The second shop was a shop selling precious stones. The salesman gave me a tour of the two-level store, letting me try their jewelries. This shop, again, didn’t have other customers that time. I have a hard time rejecting people to be honest, so even if I didn’t buy gems (because who would buy gems without prior plans?) I bought a pack of 5 cute elephant keychains so as not to totally waste the salesman’s effort. I was THB200 poorer but in all fairness, I thought the quality of the ivory-like items was reasonable.
The tuk tuk driver waiting outside the shop asked me how much I spent inside and that was it for me. He really turned from being friendly to deeply annoying for me. Throughout the ride, he kept on mentioning Manny Pacquiao because I am a Filipino. When I was in Cambodia,too, upon knowing we were Filipinos they would mention Pacquiao and it was fun back then. This particular tuk tuk driver annoyed me because he had to mention the boxer thrice! I just retorted dryly, “He’s a politician now”.
We finally reached JTH at 10AM, an hour was consumed on dropping by those two shops. We had an agreement that he should wait for me after an hour or two to bring me back to Marriott Hotel for THB100. I had the intention of taking all the time I wanted inside JTH and make him wait for nothing. I was willing to pay fare back at my hotel, just not to him. I went out of JTH past 12 noon and as expected, he wasn’t waiting anymore.
So what really happened? The “Great Palace is closed” scam happened, that’s what! This is a popular scam in Bangkok and had I bothered to check the list of popular scams in this city before I explored it, I should have known. (www.bangkok.com has a list and is worth the read) Any tourist spot which you would inquire from tuk tuk drivers would be answered by, “It is closed for the day.” In my case, I was told that it was still closed that hour. You will be offered to be brought to other tourist destinations instead, which will turn out to be commercial stores. They would say the side tour or the replacement tour is for free or for a low fare, in exchange of petrol coupons they will get from the store owners just by dropping you there even without you buying anything. The truth behind this is that first, there is no petrol coupon, so sorry for those who thought they were doing some charity. Secondly, the items sold on those shops are overpriced already to cover the driver’s commission and lastly, it would be difficult to go out without purchasing anything because of the hard selling they do in there.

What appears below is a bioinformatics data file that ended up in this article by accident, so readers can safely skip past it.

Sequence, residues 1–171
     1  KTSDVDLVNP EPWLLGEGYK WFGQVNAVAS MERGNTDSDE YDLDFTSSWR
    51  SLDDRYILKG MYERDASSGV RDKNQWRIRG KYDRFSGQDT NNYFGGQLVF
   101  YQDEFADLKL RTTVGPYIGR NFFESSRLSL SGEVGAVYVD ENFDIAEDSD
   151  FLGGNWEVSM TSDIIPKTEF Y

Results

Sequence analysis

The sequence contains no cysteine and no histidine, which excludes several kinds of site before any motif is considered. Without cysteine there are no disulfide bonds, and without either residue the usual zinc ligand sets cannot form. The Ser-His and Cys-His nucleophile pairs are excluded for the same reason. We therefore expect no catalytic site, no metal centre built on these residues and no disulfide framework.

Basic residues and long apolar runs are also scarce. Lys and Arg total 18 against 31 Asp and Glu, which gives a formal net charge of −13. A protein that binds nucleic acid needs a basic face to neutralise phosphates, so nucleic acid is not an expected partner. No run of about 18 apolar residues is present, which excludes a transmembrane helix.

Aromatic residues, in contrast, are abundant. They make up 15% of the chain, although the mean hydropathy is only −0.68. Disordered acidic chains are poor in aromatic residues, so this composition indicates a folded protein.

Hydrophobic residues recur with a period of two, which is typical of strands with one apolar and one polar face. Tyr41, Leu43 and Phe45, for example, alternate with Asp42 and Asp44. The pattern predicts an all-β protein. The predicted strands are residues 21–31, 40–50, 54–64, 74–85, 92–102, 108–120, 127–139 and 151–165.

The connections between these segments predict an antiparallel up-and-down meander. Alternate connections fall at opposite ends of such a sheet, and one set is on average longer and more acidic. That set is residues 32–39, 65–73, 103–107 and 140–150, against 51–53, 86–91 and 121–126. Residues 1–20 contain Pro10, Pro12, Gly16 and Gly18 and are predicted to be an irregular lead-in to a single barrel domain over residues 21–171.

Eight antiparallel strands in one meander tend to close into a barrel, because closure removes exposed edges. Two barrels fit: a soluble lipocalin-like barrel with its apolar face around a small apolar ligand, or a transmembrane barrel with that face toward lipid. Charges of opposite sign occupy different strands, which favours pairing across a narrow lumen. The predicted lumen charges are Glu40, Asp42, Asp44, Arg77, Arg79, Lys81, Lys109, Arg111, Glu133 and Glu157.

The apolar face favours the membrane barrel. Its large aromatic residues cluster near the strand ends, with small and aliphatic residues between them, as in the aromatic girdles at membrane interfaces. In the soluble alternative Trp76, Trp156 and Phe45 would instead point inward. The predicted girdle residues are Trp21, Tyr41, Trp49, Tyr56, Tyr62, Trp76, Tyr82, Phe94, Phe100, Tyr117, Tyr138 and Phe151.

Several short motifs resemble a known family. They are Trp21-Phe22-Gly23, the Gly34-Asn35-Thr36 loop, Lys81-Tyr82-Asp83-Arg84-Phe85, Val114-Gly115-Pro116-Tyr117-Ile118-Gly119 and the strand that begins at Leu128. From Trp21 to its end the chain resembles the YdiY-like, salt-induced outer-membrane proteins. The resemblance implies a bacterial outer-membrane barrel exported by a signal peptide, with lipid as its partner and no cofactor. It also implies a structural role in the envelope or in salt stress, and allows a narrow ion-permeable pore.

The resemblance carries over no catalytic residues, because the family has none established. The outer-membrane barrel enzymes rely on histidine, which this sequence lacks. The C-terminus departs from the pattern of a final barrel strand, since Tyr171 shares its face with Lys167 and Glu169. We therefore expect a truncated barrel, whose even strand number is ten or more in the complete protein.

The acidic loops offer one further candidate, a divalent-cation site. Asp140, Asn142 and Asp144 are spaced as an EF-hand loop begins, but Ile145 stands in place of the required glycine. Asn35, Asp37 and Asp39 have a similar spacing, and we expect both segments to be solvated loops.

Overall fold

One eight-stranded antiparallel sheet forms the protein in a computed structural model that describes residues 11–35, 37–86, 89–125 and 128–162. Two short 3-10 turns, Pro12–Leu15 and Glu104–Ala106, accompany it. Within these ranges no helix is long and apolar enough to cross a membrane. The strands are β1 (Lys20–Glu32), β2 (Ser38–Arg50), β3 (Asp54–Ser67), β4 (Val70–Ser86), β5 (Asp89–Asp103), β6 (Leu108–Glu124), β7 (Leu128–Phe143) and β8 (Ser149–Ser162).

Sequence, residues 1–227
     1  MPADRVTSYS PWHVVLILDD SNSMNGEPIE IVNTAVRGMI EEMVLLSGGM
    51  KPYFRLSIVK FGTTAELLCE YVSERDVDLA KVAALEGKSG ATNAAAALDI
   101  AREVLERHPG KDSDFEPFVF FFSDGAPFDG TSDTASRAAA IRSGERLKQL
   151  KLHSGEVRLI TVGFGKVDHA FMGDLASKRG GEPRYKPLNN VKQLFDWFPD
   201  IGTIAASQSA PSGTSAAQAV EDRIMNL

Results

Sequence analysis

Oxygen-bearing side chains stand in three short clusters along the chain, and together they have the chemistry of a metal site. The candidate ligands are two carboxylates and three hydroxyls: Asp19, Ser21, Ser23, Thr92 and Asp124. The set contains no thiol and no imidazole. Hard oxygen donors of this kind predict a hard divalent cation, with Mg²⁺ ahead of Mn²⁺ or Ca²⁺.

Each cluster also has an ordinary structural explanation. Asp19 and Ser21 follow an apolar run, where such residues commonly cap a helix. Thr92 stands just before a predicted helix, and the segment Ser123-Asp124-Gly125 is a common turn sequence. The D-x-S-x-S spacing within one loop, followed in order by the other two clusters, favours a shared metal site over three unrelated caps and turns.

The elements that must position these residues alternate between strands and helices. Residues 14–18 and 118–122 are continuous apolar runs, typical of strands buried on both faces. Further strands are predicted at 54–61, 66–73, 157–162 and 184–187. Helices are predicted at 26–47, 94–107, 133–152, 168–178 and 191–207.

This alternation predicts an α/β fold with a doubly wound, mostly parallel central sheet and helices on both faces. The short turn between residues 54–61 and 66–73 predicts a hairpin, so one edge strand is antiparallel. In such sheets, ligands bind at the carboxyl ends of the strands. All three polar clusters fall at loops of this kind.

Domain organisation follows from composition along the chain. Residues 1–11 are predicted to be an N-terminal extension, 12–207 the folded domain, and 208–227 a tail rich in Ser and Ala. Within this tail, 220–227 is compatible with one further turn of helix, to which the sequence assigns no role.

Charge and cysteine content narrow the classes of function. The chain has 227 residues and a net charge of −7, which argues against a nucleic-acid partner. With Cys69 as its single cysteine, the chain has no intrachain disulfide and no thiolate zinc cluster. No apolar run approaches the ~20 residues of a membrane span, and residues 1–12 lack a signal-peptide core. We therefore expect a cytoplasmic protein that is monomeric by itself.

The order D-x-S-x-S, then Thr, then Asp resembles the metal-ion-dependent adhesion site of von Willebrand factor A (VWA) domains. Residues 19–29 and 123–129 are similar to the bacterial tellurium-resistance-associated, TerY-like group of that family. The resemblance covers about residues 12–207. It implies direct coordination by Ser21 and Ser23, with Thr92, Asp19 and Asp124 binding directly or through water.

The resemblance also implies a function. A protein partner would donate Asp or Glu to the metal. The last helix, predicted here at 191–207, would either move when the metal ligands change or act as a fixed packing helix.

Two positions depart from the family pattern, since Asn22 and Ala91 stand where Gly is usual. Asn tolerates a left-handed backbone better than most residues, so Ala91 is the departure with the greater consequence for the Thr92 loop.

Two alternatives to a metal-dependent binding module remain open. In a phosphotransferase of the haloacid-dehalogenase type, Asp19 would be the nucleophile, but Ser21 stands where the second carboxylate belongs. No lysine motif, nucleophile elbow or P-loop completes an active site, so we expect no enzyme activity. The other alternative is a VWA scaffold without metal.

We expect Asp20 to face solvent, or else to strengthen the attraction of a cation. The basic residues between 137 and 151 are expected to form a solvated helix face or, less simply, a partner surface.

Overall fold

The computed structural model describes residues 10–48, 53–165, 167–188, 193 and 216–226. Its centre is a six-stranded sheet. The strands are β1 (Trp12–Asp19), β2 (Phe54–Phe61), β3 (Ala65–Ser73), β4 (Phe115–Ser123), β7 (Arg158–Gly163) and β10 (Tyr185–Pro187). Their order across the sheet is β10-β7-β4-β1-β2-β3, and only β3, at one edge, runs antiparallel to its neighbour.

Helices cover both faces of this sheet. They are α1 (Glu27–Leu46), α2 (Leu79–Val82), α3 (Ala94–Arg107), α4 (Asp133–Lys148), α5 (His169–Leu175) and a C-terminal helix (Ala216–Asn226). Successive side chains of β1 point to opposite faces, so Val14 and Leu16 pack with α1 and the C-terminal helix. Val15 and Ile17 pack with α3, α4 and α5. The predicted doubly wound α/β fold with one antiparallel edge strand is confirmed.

That was an awful waste of time, which depending on the circumstance, could be way more precious than just waste of money. My blessing in disguise was that the guided English tour at JTH really starts at 10AM! At 9AM, they start the tour for Thai-speaking guests but for foreigners like me, we get tickets for the 10AM tour so in my case no time was wasted at all.
Monetary speaking, I bought this necktie for 400 baht and a pack of souvenir keychains for 200 baht. I’m thinking I was charged doubled the price of both items, at minimum, so I was scammed by 300 baht (420 Php). I did not pay for the tuk tuk drive which could have cost me 150 baht 2-way by Grab so in total I was scammed by just 150 baht. Eat my money!